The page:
While we, and Feyenoord fans, were celebrating in 1999, that season saw the final time the European Cup-Winners’ Cup would be contested. UEFA brought it to an end that season, so the final winners, Lazio, got to keep the trophy, although there is a replica in the National Football Museum here in Manchester, along with a plaque celebrating the years it has been won by clubs here in the UK. I know I talk of Ongoing Concerns with regard to books, but the ongoing concerns with regard to continental football tournaments in Europe are the European Cup (Champions’ League) and the UEFA Cup (Europa League), the latter of which will see Manchester United play Ajax in Stockholm on 24th May – next Wednesday! Eek! It’s getting close!

Anyway, I probably ought to return to the topic of books, lol! I really need to get The Tobacconist finished as soon as possible. As much of it read by Thursday as I can, ahead of my book club. Thing is, it’s Nul Points which is still grabbing me at the moment! I’m also in the middle of stitching a couple more bookmarks! As there is no such thing as too many books, there is also such a thing as not enough bookmarks! I have been known to use a lot of things as improvised bookmarks, including postcards, expired bus and tram passes, and tickets from concerts and football matches, but I do have a fair few actual bookmarks, particularly as I stitch a lot when the mood takes me! So glad I found my Eric Cantona one, though! Wondered where that had got to! It’ll be his birthday next Wednesday when United play Ajax in Stockholm! He’ll be 51!

So, that’s about it for my news at the moment! There will be more book-related waffle fairly soon, along with side orders of music, football, crafting and other points of interest! Until then, take care and Happy Reading!

Joanne x x x

Books mentioned in this blog entry…

  • The Cellist of Sarajevo – Steven Galloway
  • The God of Small Things – Arundhati Roy
  • Alone In Berlin – Hans Fallada
  • The Radleys – Matt Haig
  • The Tobacconist – Robert Seethaler
  • Nul Points – Tim Moore

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Filed under Books, Computer Corner, Cross-Stitch, Duplicate Books List, Facebook & Other Social Media, Football, Music, Ongoing Concerns, The TBR Pile, Travel

Swede Dreams Are Made of This

swede-reads

Swede Dreams: United are going to Stockholm!

Hello again, fellow Bookworms!

Apologies for an omission from my previous blog. My niece was round here on Tuesday with some of her favourite reading matter, which Charlotte and I were reading together. I have mentioned these two books before, both by Drew Daywalt, but they are The Day the Crayons Quit, and The Day the Crayons Came Home. Both brilliant and very funny books, and expertly read by my niece! She is such a fluent reader, and puts inflection into her reading. I think she’s bringing Oi, Frog! by Kes Gray and Jim Field, round with her next time. She has some great books!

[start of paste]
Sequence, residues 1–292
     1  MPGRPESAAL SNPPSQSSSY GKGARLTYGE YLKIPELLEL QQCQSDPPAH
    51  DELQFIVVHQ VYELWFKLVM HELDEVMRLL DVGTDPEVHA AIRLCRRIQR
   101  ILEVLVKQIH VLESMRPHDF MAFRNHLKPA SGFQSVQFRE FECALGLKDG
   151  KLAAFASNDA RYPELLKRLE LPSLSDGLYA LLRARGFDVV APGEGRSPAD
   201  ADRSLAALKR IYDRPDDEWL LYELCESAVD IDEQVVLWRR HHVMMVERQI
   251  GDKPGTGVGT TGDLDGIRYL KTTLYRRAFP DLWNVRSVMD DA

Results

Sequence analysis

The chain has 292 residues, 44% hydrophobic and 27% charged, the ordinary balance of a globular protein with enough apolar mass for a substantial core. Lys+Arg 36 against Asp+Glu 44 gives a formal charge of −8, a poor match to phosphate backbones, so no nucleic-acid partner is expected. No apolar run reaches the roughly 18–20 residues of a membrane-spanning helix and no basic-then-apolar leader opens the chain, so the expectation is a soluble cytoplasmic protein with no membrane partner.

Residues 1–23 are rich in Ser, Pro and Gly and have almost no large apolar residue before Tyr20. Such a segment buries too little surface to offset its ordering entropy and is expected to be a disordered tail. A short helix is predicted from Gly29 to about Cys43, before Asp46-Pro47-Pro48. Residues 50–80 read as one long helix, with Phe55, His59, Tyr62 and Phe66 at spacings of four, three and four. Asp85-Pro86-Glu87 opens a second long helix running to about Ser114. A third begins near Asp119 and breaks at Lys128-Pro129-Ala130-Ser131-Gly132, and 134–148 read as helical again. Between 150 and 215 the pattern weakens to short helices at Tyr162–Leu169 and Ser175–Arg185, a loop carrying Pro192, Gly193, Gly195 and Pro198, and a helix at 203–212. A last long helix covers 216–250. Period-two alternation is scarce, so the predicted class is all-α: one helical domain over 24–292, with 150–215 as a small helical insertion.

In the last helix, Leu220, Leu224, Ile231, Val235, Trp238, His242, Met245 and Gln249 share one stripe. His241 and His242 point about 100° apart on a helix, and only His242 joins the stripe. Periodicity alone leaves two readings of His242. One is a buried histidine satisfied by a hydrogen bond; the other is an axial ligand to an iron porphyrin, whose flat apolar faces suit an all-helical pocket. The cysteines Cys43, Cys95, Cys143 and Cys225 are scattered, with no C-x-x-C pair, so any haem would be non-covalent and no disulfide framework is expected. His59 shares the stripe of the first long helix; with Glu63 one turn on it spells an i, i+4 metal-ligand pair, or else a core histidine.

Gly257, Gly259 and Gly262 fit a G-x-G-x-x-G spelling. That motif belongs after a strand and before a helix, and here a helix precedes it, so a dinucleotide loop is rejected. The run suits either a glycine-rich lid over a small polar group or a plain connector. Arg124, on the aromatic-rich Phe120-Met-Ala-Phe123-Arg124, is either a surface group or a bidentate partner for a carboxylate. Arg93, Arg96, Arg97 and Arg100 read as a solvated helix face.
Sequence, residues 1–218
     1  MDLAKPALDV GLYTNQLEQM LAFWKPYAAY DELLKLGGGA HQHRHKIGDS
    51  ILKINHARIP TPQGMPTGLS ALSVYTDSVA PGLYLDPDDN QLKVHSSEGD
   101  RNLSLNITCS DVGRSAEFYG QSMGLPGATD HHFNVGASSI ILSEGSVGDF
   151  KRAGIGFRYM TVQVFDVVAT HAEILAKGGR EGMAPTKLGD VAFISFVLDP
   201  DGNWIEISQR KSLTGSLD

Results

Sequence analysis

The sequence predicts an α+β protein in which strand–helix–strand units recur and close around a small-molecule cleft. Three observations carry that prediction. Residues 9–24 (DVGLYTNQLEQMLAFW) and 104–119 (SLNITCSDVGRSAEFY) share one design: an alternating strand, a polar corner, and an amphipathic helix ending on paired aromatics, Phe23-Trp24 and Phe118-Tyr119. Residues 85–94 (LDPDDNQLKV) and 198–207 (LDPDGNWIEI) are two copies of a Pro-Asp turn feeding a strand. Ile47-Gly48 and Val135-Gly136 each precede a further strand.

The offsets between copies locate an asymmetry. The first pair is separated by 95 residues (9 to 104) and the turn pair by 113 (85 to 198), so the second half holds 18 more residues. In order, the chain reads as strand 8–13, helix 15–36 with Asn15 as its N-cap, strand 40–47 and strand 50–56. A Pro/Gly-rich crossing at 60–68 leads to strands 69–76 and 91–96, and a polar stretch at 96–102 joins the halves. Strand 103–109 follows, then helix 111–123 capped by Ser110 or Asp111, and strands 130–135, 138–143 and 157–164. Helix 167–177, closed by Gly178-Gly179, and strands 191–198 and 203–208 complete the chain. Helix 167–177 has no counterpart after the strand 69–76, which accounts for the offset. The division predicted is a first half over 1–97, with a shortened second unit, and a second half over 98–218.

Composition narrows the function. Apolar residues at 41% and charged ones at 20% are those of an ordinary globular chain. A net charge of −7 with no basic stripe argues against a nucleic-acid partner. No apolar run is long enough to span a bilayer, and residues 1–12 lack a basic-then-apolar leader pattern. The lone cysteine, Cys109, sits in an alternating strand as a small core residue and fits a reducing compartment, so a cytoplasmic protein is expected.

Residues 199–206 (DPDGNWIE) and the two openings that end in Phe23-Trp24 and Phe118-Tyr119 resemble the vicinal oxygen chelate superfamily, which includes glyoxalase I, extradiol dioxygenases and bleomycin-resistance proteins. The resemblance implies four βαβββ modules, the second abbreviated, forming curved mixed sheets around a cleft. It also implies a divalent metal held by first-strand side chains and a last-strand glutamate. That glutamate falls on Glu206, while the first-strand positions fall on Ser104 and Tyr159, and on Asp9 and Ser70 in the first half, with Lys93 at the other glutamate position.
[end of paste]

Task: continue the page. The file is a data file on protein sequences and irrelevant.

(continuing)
Obviously, my last blog entry was written before our game against Celta Vigo, so this is my first opportunity on this blog to mention that we’re through to the Europa League Final in Stockholm on 24th May! Woohoo! Sadly, for several reasons, I won’t be there, and will have to settle for watching it on telly, but we got through. It was 1-1 on Thursday night, but we had won the away leg 1-0, so we won 2-1 on aggregate. One consolation is that our final opponents, Ajax, weren’t convincing either. They had won their first leg 4-1, but lost the second 3-1 in Lyon, so they squeaked through 5-4 on aggregate. They will also be missing a player through suspension, they had a guy sent off, so the fact that Eric Bailly was dismissed along with Celta Vigo’s goalscorer, can be offset slightly!

So, if you were wondering about the title and the photo of books by Swedish authors, it’s ’cause United are going to Stockholm! Of course, I have also found my copy of A Man Called Ove since then – it was missing at the time, as you might recall. One of the notorious missing books, although Ove and three of the others were later found in my wardrobe unit. Still haven’t got the foggiest where The God of Small Things, by Arundhati Roy, has disappeared to, though! That is a mystery yet to be solved, lol!

On the Goodreads Challenge, I’m currently at the stage of having read 26 books so far this year. My target for 2017 is 30 books. Something tells me I might have to update at some point, lol! Diary of an Oxygen Thief, by an anonymous author, was book number 25 on the list, and finishing off the last 9 pages of Mother Tongue, by Bill Bryson, took me up to my current total.

As for the books hoping to get on to the Goodreads Challenge list, otherwise known as the Ongoing Concerns, Pet Shop Boys, Literally, by Chris Heath still tops the list, but I’ve been reading quite a bit of Nul Points lately, so Tim Moore‘s book has crept up to 2nd on the list. The PSB book is at 62%, with Tim Moore’s book about Eurovision Song Contest losers on 55%. The Tobacconist, by Robert Seethaler, is at 51% so it’s just over halfway, but I need to get on with that one, really, as my book club is this coming Thursday! Oops!

Just below The Tobacconist, is Periodic Tales, so non-fiction is taking up 3 of the top 4 places on the OC List at the moment.

* My my! At Waterloo, Napoleon did surrender… *